Soaring high above the
Quwwatual Islam mosque is the tower Sultan Qutbuddin Aibak built in AD 1196
to celebrate the invincibility of Islam.
Although modelled as a
classical minaror tower from which the muezzin calls the faithful to
prayers, the Qutb Minar was a symbolic rather than a functional structure.
It would be an extraordinary muezzin who would expect to be heard from a
height of 72.5 meters - assuming, in the first place, that he managed to
trudge up the 379 steps five times, each day.
a red sandstone tower covered with beautiful and striking carvings and is
inscribed with verses from the holy Quran. Qutub Minar is still the highest
stone tower in India as well as one of the finest Islamic structures ever
raised and Delhi's recognised landmark. The sultan's successor and
son-in-law, Iltutmish, completed it.
Qutab Minar points up to
heaven on the southern side of the city. It was built in the 12th
century, and it still towers high above its surroundings.
cab driver drops you off at the gate, you are directly approached by several
persons trying to sell you anything from postcards to a nice embrace with an
enormous snake. As you escape them, and after paying the entrance fee, you
enter the area that houses the Qutab Minar.
Not only that, it is
also to several buildings, although most of them are in ruins now. You can
see the first mosque of India, right at the feet of the Qutab Minar. It was
built using building material from Hindu temples. Although many parts of the
mosque are missing or in bad shape, you can still see marvellously sculpted
ceilings, columns, and capitals. In the central square, there is an iron
pillar, unfortunately closed by a low fence. Unfortunately because, as was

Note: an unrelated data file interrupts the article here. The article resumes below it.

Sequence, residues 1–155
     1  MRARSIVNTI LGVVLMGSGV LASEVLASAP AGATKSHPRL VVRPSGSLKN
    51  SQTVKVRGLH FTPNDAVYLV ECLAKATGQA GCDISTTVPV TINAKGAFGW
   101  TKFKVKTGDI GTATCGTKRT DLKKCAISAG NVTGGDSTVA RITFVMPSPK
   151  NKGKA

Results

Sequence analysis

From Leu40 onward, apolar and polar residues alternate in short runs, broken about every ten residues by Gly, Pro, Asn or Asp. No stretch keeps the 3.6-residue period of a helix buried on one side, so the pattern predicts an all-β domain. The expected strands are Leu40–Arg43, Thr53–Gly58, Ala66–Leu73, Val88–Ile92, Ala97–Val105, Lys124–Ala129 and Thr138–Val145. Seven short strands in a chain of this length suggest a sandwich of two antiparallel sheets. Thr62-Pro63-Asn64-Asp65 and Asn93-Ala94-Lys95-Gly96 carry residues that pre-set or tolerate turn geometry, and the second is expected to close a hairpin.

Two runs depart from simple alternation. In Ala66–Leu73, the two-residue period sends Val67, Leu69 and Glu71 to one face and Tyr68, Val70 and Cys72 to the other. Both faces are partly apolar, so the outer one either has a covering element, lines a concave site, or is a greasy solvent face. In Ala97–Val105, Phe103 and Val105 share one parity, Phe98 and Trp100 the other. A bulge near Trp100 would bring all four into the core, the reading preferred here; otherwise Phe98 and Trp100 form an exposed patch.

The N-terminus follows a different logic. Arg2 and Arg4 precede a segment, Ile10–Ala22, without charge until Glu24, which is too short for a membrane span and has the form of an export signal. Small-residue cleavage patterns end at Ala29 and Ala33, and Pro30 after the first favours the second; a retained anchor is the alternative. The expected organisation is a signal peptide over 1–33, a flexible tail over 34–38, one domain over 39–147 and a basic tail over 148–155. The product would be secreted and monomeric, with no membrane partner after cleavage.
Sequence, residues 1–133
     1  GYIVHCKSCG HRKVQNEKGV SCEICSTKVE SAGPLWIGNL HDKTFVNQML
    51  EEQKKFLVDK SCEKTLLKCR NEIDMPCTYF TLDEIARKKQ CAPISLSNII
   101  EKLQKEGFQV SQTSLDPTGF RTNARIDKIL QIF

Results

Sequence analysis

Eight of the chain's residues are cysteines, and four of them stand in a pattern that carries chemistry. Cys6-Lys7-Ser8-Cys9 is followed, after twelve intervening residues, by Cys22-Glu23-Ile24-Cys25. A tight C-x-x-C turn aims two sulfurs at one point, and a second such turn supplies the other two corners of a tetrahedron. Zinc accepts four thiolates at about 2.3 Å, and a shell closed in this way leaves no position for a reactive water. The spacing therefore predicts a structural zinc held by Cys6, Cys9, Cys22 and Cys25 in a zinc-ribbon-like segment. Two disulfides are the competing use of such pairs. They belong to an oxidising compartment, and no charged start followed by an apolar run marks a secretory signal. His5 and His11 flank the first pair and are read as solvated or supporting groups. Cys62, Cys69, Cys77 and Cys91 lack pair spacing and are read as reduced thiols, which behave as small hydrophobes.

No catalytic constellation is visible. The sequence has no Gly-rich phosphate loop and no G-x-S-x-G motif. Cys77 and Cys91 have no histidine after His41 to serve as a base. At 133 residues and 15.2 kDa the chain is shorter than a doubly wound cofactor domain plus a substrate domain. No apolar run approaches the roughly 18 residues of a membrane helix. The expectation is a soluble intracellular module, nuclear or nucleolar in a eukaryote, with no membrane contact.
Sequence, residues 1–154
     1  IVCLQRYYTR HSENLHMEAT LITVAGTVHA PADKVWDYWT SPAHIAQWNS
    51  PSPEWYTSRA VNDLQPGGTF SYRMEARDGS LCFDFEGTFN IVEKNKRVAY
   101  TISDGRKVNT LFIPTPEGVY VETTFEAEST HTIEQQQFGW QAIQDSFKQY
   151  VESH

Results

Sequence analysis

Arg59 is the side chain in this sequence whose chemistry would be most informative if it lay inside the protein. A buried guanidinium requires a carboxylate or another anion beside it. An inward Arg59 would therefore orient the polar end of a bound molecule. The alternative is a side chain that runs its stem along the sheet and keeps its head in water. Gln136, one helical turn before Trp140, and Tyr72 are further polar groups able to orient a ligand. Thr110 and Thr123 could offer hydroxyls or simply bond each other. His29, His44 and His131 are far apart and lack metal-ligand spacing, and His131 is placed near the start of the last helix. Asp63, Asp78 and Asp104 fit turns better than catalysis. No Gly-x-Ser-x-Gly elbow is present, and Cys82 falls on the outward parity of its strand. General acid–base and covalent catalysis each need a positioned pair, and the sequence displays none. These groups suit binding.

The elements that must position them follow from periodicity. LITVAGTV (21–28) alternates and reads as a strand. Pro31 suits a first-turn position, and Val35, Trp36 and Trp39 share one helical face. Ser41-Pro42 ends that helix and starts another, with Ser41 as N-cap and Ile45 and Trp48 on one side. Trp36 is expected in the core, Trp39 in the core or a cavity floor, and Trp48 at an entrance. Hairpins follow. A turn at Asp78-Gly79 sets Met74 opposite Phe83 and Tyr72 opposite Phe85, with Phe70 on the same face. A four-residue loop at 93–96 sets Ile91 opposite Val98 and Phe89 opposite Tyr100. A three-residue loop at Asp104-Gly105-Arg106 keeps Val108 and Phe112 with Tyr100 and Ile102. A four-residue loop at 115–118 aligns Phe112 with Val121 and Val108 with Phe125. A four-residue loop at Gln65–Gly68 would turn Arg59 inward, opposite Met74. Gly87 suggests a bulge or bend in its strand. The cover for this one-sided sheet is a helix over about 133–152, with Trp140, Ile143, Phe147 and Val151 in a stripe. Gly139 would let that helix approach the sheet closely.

the tradition, anyone who could encircle the iron pillar with his arms,
while standing with his back to it, would have his wishes fulfilled.
The Iron Pillar :
Major Attractions of Qutab Minar
The inscription records
that the pillar was set up as a standard or dhvaja of god Vishnu on the hill
known as 'Vishnupada', in the memory of a mighty king, named 'Chandra', who
is now regarded as identical with Chandragupta II (375-413) of the imperial
Gupta dynasty. A deep hole on the top of the pillar indicates that an
additional member, perhaps an image of 'Garuda', was fitted into it to
answer to its description as a standard of Vishnu.
The pillar has
been brought here evidently from somewhere, else, as no other relics of the
4th century are found at the site. There is a strong bardic tradition that
it was brought here - wherefrom, nobody knows - by Anangpal, the Tomar king
who is credited with the founding of Delhi. Quwwatu'l-Islam
Just adjacent to the tower is the mosque of Quwwatu'l-Islam
Masjid, which can become a bewildering experience for those who are not
familiar with its history. It was supposed to have been built using the
materials and masonry of the remains of Hindu Temples and architecture. The
mosque was started in 1192 by Qutub-ud-din Aibak, the first ruler of the
Slave Dynasty and was finished four years later. Alai
The ambitious rubble Alai Minar was started by Alauddin Khalji
but the sultan lived to see it only to the height of 24.5m and no body was
ready to complete his over-ambitious project. It was built to match the
enlarged Quwwatu'l-Islam Masjid. Today it is used more like an illustration,
by parents, that when you get over ambitious, the plans remain unfinished.